Read Processor ID
General Quickly reads processor ID to discover its feature set and apply optimizations/use specific code path if possible.
Tremont CLWB

Cache Line
Write Back
Performance Writes back modified data of a cache line similar to CLFLUSHOPT, but avoids invalidating the line from the cache (and instead transitions the line to non-modified state). CLWB attempts to minimize the compulsory cache miss if the same data is accessed temporally after the line is flushed if the same data is accessed temporally after the line is flushed.
GFNI (SSE) Security SSE-based acceleration of Galois Field Affine Transformation alghorithms.
ENCLV Security Further enhancement of SGX version 1 capabilities.
CLDEMOTE Performance Enables CPU to demote a cache line with a specific adress from the nearest cache to a more distant cache without writing back to memory. Speeds up access to this line by other cores within a CPU.
Direct stores: MOVDIRI, MOVDIR64B Performance  
User wait: TPAUSE, UMONITOR, UMWAIT Power Direct CPU to enter certain stages before an event happens.
Split Lock Detection    
Source: Intel Architecture Instruction Set Extensions and Future Features Programming Reference (pages 12 and 13)

The fact that Intel is readying its “Future Tremont and later” microarchitectures reveals that even after the company withdrew from smartphone SoCs, it sees plenty of applications that could use its low-power/low-cost Atom cores. There is sitll a notable market for budget PCs as well as embedded and semi-embeded markets for items like IoT edge devices, all of which Intel intends to continue serving with the line of smaller, cheaper cores. Meanwhile, consistent ILP and performance improvements as well as introduction of new ISEs to these microarchitectures show that Intel wants these cores to offer competitive performance to other low-cost processors, while still maintaining near feature set parity to Intel's high-performance cores.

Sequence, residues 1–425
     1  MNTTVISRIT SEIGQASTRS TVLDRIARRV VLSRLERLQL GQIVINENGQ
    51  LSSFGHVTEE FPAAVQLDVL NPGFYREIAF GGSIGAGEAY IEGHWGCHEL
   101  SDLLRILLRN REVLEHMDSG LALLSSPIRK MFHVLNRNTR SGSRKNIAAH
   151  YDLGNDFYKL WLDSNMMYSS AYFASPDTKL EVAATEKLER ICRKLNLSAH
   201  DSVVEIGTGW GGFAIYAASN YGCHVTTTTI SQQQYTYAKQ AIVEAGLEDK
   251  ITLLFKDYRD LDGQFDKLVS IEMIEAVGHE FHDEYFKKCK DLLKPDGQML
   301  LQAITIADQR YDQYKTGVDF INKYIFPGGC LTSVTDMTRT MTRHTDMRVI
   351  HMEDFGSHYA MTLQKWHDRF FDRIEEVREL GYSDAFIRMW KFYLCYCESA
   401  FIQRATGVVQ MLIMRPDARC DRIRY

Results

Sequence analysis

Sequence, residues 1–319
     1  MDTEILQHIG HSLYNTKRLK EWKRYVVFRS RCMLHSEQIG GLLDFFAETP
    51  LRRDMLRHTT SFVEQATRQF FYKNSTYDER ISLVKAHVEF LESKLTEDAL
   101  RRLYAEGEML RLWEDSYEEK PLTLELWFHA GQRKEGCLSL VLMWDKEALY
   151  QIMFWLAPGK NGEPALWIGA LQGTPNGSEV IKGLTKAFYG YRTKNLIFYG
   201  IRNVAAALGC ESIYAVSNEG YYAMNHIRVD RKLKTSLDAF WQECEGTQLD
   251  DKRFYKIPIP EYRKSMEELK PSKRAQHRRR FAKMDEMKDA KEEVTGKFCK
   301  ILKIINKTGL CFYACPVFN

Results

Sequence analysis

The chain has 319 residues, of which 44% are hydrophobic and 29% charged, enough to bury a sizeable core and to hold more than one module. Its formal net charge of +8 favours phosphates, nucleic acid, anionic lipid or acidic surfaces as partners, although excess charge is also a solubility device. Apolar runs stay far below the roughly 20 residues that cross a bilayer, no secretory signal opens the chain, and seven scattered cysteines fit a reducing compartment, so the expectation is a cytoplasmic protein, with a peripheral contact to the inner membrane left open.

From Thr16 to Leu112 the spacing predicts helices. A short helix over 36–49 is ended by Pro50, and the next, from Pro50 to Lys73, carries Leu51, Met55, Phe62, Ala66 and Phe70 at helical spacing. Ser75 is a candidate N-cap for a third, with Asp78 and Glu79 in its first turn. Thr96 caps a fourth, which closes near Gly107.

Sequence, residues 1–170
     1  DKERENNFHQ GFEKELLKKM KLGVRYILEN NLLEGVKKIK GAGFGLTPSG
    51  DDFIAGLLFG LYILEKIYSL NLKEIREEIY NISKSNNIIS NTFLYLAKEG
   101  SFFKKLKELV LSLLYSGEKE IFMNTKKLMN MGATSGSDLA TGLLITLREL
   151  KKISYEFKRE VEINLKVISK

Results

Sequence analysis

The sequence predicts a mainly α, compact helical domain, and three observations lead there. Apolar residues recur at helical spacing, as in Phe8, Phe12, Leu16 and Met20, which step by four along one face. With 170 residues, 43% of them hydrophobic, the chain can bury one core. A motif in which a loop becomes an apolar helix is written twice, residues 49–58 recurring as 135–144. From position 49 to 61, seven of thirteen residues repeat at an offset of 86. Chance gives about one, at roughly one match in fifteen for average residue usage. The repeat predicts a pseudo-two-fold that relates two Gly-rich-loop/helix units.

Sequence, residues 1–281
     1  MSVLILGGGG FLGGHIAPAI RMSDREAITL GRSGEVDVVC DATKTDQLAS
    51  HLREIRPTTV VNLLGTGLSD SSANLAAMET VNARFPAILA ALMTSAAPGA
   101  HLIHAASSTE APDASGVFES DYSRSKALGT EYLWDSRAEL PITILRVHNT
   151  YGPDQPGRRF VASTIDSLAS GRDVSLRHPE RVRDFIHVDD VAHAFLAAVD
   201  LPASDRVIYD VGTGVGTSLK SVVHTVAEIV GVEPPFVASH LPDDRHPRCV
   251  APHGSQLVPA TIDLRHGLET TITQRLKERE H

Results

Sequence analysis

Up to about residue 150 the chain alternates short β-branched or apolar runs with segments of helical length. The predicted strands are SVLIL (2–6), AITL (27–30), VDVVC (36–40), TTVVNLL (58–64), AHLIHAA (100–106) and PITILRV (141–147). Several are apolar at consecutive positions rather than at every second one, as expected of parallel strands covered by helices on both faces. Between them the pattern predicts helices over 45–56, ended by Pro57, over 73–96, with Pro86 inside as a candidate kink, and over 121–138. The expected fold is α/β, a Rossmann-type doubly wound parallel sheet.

Related Reading

Sources: Intel, WikiChip

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  • GreenReaper - Thursday, October 24, 2019 - link

    Good question. Ars Technica asked about the security and related performance implications and received essentially no reply beyond "it's secure": "I pressed Intel Senior Principal Engineer Stephen Robinson pretty hard on the security aspects of this point—specifically, does Core-class branch prediction mean Core-class speculative execution vulnerabilities to exploits such as Spectre and Meltdown?

    Robinson refused to speak with any detail on either Tremont's vulnerability to speculative execution attacks, or whether it would require software mitigations such as those necessary in Core class processors. He did not seem prepared for or comfortable with this line of questioning. Robinson also refused to comment on the performance implications of software mitigations if required..."